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Love is the Salt of Life; a higher Taste
Mere common Counters of the Sense,
E L EGY
Duchess of R_
HOU lovely Slave to a rude Husband's Will,
By Nature us'd so well, by him so ill ! For all that Grief we see your Mind endure, Your Glass presents you with a pleasing Cure; Those Maids you envy for their happier State, To have your Form, would gladly have your Fatci And of like Slavery each Wife complains, Without such Beauty’s Help to bear her Chains. Husbands like Him we every
But where can we beholda Wife like Thee?
While to a Tyrant you by Fate are ty’d, By Love you tyrannizc o’er all beside:
Those Eyes, thoʻweeping, can no Pity move; Worthy our Grief! More worthy of our Love! You while so fair (do Fortune what she please) Can be no more in Pain, than we at Ease: Unless unsatisfied with all our Vows, Your vain Ambition so unbounded grows, That you repine a Husband should escape Th’united Force of such a Face and Shape. If so, alas, for all those charming Pow'rs, Your case is just as desperate as ours. Expect that Birds should only sing to you, And, as you walk, that every Tree should bow; Expect those Statues as you pass should burn; And that with Wonder Men should Statues turn; Such Beauty is enough to give things Life, But not to make a Husband love his Wife : A Husband, worse than Statues, or than Trees; Colder than those, less sensible than these. Then from so dull a Care your Thoughts remove, And waste not Sighs you only owe to Love,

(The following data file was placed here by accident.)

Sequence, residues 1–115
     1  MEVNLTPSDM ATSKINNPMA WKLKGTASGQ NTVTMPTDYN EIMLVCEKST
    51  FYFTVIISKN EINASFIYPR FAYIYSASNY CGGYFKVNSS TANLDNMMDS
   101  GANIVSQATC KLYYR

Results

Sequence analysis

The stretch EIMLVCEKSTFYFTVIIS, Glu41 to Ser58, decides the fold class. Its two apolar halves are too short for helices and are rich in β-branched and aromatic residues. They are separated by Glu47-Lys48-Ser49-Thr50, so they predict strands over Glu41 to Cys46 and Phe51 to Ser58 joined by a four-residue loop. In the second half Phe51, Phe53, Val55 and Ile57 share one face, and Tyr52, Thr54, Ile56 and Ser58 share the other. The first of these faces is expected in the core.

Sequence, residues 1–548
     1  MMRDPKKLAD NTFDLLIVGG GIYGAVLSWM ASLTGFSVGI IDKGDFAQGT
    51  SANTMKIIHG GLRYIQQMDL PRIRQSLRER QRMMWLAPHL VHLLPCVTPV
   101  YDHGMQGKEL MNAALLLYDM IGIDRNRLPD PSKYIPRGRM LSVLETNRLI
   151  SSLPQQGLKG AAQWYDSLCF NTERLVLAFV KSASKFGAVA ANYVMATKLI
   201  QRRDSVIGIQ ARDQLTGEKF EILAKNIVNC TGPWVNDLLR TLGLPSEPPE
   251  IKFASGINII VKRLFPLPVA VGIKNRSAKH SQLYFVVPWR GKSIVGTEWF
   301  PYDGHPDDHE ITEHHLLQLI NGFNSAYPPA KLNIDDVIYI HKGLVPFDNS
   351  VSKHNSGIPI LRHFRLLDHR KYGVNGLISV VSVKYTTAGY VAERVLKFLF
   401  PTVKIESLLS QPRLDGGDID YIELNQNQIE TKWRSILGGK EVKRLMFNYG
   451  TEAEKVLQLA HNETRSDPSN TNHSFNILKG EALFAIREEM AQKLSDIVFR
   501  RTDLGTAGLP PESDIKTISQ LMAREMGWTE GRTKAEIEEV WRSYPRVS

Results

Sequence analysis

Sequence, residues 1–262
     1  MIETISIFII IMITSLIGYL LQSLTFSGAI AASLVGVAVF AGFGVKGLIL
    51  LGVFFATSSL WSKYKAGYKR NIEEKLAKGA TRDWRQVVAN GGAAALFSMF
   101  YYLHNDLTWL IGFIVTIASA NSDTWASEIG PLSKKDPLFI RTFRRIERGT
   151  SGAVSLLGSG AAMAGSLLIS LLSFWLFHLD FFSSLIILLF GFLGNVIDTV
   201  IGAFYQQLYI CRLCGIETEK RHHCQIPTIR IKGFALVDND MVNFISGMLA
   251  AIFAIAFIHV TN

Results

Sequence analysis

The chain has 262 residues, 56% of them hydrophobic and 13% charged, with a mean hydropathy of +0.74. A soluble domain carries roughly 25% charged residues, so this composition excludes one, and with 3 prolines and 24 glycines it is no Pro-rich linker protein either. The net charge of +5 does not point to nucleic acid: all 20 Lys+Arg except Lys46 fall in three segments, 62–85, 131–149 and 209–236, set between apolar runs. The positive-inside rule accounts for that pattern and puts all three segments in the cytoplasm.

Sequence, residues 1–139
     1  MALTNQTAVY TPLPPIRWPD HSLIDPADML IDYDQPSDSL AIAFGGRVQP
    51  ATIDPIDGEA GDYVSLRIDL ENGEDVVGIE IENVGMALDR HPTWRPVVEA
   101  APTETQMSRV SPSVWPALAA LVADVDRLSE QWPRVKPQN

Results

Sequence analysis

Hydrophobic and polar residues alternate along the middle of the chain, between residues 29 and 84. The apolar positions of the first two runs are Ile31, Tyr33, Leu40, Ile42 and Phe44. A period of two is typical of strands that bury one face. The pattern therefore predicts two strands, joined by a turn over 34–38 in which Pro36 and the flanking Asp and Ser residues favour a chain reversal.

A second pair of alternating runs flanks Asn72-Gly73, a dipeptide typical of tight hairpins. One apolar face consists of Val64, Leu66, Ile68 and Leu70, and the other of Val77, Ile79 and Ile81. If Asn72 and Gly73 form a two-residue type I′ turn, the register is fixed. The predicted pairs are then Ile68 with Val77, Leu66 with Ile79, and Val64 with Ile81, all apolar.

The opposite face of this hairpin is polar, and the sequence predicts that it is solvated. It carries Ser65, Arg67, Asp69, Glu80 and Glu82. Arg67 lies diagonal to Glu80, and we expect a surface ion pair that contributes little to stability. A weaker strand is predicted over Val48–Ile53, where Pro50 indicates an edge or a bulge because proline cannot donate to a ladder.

Tis pity, Sighs from such a Breast should
part, Unless to ease fome doubtful Lover's Heart Who dies because he must too justly prize What yet thę dull Poffeffor does despise. Thus precious Jewels among Indians grow, Who, nor their Use, nor wondrous Value know ; But we for those bright Treasures tempt the Maiņi, And hazard Life for what the Fools disdain.
A LETTER from Sea.
Airest, if Time and Absence can incline